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What’s Your Feature?
Students will learn how to use text features to locate information and verify answers within an expository text.
Crime Scene Two Steppers: Two-step word problems using multiplication and division
Students will collaboratively solve two-step real-world word multiplication and division problems by using a checklist. Students will also solve a two-step word problem by completing a hands-on group activity.
Drawing Conclusions and Making Inferences With Expository Text
Third grade students will identify and discuss facts and details from expository text and draw conclusions using textual evidence in learning stations.
Word problems, models and more!
The students will engage in group activities to solve word problems with and without models as well as writing equations.
Syncing with Inferences
In this lesson, students integrate relevant text evidence and background knowledge to generate valid inferences when reading a historical fiction text. The lesson was designed with English learners in mind, so it includes instructional strategies designed to make linguistic and content input comprehensible: a focus on vocabulary, visuals, cooperative learning, anchor charts, graphic organizers, and sentence stems/frames.
Solving One- and Two-Step Addition and Subtraction Problems
Students will use strategies to break down steps in a word problem, allowing for an understanding of the vocabulary and processes necessary, to apply correct math operations, maintain correct place value, and analyze solution feasibility.
What’s the Big Idea?
In cooperative groups, students rotate through stations to identify the main idea of selected passages while making inferences using expository text.
In learning stations, students use textual evidence and personal schema to make inferences about the structure and elements of poetry, and provide textual evidence to support their understanding.
Graphs and More Graphs Oh My!
Students will gather data based on a game and create the four types of graphs (pictograph, frequency table, bar graph, and dot plot).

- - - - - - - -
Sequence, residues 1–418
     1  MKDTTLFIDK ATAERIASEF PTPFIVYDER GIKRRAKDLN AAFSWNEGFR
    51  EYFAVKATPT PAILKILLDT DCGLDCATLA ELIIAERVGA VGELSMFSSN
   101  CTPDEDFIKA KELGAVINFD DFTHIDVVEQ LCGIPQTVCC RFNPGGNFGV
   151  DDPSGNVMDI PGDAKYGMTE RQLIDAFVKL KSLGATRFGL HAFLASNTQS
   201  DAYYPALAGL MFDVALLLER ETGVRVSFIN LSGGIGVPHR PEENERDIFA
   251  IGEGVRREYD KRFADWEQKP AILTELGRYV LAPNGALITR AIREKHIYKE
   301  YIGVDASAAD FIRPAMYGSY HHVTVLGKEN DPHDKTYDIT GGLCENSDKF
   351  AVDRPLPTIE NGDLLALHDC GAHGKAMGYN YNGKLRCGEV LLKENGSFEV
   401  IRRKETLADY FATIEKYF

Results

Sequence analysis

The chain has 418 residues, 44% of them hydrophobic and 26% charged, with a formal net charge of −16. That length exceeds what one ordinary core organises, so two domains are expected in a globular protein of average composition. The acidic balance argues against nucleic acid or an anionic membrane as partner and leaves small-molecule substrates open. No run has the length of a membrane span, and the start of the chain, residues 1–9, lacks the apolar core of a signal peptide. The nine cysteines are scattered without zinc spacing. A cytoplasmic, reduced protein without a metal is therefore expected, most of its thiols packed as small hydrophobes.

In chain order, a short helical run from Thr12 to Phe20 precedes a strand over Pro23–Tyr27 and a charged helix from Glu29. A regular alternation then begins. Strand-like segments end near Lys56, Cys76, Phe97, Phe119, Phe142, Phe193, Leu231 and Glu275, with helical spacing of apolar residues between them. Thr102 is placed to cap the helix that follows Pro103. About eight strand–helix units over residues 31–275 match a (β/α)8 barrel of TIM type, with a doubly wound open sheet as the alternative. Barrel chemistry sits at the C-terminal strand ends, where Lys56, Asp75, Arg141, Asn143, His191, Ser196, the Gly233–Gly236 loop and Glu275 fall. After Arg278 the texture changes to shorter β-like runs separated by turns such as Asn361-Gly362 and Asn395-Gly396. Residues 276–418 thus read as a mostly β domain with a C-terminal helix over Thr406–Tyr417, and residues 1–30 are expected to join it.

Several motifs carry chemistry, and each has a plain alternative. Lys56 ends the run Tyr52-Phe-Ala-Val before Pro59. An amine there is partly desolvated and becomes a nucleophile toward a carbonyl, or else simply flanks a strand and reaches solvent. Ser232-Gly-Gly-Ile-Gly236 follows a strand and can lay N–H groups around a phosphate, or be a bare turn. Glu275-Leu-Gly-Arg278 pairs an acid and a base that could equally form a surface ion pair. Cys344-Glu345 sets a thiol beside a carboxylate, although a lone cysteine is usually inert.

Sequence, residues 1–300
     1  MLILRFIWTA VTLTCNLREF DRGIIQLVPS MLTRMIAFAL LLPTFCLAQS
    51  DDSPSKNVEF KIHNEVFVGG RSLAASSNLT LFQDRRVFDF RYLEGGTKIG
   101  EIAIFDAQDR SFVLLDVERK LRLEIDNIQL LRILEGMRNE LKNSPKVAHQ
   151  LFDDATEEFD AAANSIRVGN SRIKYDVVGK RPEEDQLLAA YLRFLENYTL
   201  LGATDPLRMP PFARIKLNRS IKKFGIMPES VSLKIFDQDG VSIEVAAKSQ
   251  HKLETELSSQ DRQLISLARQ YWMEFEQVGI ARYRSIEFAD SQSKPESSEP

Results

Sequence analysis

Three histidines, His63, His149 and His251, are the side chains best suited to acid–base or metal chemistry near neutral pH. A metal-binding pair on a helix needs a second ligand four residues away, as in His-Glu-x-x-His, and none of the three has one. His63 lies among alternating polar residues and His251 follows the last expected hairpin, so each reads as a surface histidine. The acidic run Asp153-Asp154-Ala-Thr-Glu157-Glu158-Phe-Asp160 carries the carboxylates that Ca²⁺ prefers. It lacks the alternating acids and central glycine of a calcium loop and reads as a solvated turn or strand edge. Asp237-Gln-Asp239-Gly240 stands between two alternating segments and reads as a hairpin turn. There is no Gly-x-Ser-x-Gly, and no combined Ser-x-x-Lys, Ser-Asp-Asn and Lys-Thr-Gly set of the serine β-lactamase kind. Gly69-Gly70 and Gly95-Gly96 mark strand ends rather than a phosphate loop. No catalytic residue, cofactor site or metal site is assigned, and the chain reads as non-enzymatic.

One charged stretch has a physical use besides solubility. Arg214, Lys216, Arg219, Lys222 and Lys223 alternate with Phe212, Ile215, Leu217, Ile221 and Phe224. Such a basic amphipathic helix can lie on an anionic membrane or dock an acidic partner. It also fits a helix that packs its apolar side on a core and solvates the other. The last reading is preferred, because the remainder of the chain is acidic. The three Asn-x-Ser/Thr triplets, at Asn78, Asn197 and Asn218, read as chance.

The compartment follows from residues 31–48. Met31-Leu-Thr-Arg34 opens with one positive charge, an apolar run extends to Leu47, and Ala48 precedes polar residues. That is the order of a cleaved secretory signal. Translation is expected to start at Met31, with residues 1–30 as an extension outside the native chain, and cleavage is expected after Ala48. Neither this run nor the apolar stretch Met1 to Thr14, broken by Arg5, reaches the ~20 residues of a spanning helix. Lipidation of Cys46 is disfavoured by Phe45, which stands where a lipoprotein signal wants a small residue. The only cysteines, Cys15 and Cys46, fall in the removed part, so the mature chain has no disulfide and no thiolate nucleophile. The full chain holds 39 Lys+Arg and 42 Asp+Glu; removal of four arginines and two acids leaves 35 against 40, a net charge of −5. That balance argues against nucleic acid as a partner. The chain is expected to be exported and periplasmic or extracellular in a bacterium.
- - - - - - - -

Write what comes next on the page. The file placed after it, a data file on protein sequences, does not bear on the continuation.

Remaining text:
The Domino Effect of Cause and Effect
Students will identify explicit cause and effect relationships using keywords and phrases while reading relevant informational texts aligned with technology and current events.
Did this make this happen? Is this why this happened? All About Cause and Effect Relationships
Students will use a mentor text to identify cause and effect relationships. Students will also find the missing cause or effect. They will work collaboratively to complete a graphic organizer and use teacher-created anchor charts to help them in identifying the relationships.
Text Features of Non-Fiction
The students will identify elements of nonfiction text by analyzing the importance of text features.
Earth Day: Join the Fight, for Sentences That are Right!
In this lesson, students are initially captivated by Earth Day-themed pictures, thus providing them with ideas to prewrite, and will have meaningful writing to revise. The lesson utilizes a mentor text to demonstrate the necessity of subjects and predicates. Students apply their knowledge of sentence syntax by revising a chosen sentence and rewriting the sentence to be shared with the class during a gallery walk.
"C" to the "E" Can't Conquer Me
Students will explore cause and effect relationships by creating different representations of a cause or an effect from a given scenario.
Multiplication at the Market
Students will solve one-step multiplication problems using concrete objects, pictorial models, arrays, and equal groups.
Making Inferences to Solve a Mystery
In learning stations, students use textual evidence and personal schema to make inferences and draw conclusions about the structure and elements of poetry, and provide evidence from the text to support their understanding.
Spying Evidence Through Text
Students will identify ideas in a text that are important to its meaning and write a letter demonstrating their understanding of the text.
Where am I going?
The teacher will engage the students to make inferences through visuals, pictures, and informational text using problem-solving and self-questioning strategies.
Writing Summaries with Get the Gist
This lesson teaches students to use the Get the Gist strategy to find the main idea of a section. Students will then put those Get the Gist statements together to begin a written summary of their text.
Click below to learn about the TEKS related to the unit and Research Lesson. The highlighted student expectation(s) is the chosen focus for the Research Lesson.